Ex 12:20 You shall eat nothing leavened; in all your dwellings you shall eat unleavened bread.' "
Ex 13:6 Seven days you shall eat unleavened bread, and on the seventh day there shall be a feast to the LORD.
Ex 13:7 Unleavened bread shall be eaten seven days.
Ex 23:15 You shall keep the Feast of Unleavened Bread (you shall eat unleavened bread seven days, as I commanded you, at the time appointed in the month of Abib…
Ex 34:18 "The Feast of Unleavened Bread you shall keep. Seven days you shall eat unleavened bread, as I commanded you, in the appointed time of the month of Abib;
Lev 23:6 And on the fifteenth day of the same month is the Feast of Unleavened Bread to the LORD; seven days you must eat unleavened bread.
Num 28:17 And on the fifteenth day of this month is the feast; unleavened bread shall be eaten for seven days.
Deut 16:3 You shall eat no leavened bread with it; seven days you shall eat unleavened bread with it, that is, the bread of affliction (for you came out of the land of Egypt in haste), that you may remember the day in which you came out of the land of Egypt all the days of your life.
Deut 16:8 Six days you shall eat unleavened bread, and on the seventh day there shall be a sacred assembly to the LORD your God.
Ezek 45:21 "In the first month, on the fourteenth day of the month, you shall observe the Passover, a feast of seven days; unleavened bread shall be eaten.
The understanding of the passage lies not so much in the Hebrew words and grammar as in correct interpretation in the light of other passages.
The preceding statement is correct, but the ‘proof’ offered below by UCG fails to meet that.
"Leviticus 23:6 states, "seven days you must eat unleavened bread." Among other things, the unleavened bread symbolizes Jesus Christ. In John 6:33-35 we are instructed to feed on Christ, which we should do every day, including the seven days of Unleavened Bread, not just when we decide to eat the bread. Our focus should be on becoming more like Christ. Eating unleavened bread every day and focusing on the meaning of that unleavened bread is what is really important. Therefore, during the Days of Unleavened Bread all members of the Church are instructed by Scripture to eat at least one piece of unleavened bread per day. " (Bryce, Charles. The World Ahead (Weekly Update) 3/11/04).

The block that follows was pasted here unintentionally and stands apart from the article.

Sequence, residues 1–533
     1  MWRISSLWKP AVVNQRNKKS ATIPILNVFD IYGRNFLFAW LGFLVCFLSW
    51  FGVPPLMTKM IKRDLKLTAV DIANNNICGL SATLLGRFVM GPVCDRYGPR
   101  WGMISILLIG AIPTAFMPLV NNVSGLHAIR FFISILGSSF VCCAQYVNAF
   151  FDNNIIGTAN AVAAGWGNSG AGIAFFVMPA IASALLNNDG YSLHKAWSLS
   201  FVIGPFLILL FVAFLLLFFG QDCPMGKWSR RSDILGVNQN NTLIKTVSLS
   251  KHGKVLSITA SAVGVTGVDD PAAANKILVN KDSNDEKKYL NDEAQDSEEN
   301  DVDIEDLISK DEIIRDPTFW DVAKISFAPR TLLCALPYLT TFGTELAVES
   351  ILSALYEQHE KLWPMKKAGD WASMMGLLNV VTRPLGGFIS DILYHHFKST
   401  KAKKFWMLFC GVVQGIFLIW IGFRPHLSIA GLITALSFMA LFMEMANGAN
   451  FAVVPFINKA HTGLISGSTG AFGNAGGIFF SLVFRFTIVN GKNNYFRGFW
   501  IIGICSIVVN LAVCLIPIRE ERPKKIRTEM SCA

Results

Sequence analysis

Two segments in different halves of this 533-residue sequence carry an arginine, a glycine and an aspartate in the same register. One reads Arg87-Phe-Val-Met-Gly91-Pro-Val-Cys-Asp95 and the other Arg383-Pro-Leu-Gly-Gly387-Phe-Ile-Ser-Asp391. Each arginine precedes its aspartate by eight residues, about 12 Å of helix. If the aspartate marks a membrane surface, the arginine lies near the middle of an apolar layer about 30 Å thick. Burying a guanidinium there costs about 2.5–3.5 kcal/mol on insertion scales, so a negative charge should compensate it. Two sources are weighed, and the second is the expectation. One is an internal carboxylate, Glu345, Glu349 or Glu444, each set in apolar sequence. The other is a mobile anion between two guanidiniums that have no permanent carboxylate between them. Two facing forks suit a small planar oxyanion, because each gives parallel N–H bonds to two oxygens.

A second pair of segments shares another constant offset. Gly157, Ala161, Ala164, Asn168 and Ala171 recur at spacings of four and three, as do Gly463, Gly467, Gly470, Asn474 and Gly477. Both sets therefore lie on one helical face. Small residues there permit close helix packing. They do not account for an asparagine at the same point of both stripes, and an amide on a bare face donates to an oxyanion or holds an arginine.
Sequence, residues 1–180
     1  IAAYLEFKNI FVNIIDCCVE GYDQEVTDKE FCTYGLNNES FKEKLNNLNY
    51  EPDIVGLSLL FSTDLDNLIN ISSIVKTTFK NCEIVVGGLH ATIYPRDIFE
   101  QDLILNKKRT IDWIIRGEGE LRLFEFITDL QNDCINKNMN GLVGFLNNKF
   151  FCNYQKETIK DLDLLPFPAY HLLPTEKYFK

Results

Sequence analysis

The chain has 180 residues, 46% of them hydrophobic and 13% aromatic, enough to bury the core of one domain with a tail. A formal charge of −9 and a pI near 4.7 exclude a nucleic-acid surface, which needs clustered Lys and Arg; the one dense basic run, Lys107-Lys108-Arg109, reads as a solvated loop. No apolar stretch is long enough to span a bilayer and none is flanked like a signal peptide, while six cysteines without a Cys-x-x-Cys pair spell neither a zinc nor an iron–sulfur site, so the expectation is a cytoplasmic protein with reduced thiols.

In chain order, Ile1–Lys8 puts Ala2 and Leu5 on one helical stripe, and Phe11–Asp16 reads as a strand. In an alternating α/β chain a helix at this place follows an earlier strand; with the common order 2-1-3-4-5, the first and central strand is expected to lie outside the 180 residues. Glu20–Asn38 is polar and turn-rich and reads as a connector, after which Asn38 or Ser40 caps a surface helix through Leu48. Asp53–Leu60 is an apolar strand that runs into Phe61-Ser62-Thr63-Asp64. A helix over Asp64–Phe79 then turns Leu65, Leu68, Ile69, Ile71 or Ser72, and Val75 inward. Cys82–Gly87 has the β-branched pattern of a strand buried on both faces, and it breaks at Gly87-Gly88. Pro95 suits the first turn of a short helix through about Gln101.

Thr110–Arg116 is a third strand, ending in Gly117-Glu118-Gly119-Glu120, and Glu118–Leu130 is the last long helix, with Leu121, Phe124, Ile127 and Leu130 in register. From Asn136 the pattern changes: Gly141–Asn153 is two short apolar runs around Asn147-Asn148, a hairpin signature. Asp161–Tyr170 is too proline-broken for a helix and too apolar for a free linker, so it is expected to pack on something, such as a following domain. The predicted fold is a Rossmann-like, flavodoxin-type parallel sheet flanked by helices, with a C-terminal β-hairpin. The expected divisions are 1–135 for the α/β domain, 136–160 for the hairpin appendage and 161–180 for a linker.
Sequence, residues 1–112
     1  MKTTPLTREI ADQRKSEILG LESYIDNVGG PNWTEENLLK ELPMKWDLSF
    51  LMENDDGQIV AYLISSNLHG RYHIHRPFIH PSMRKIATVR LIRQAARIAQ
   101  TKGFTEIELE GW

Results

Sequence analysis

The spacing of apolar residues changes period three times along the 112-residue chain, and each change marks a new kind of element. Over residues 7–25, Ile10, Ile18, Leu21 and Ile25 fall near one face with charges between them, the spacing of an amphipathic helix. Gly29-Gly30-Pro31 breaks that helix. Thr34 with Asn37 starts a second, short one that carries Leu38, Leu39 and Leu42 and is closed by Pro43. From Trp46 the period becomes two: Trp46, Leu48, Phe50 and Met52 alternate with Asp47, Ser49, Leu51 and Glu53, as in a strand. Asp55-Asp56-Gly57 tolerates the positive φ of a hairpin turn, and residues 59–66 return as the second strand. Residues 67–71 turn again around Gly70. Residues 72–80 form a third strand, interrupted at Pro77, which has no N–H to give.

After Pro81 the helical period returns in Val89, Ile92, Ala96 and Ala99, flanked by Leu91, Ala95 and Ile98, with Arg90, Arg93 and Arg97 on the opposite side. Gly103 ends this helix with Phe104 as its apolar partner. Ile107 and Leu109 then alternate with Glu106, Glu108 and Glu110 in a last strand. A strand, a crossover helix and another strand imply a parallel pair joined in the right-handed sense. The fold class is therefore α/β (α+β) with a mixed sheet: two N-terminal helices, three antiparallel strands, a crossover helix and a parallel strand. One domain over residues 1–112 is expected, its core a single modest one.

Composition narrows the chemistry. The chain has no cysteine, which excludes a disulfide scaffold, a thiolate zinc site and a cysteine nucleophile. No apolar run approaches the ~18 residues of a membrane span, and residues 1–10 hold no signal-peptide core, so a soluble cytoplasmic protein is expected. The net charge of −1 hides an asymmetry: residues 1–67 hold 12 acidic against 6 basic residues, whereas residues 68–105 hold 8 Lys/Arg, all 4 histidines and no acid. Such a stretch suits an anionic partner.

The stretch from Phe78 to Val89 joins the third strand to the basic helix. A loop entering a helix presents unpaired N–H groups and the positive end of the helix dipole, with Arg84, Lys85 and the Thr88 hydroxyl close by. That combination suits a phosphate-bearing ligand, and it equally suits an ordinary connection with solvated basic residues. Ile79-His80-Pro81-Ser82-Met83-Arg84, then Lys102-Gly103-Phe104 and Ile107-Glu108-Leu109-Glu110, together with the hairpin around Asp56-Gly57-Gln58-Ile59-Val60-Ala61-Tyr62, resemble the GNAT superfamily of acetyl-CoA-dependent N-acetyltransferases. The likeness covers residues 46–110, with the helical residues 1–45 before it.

Some are claiming that the law requires we eat some unleavened bread on each of the seven days. This interpretation is not correct. Note, in this regard, the Sabbath commandment as recorded in Exodus 20:9 and Deuteronomy 5:13, where we are told, “Six days you shall labor and do all your work.” The meaning of these passages is clearly that there is a span of six days set aside in the weekly cycle in which work may be done, and will normally be done. The implication is not that it is sin to take a day off work, or that it is sin to take a week or two of vacation, and not work. In Mark 6:31 Christ encourages His disciples to take some time to “rest” because they were so busy working that they hardly had time to eat. The synagogue ruler in Luke 13:14 declared, “There are six days on which men ought to work,” but neither he nor those who heard him were suggesting that it is sin not to work on any one such day.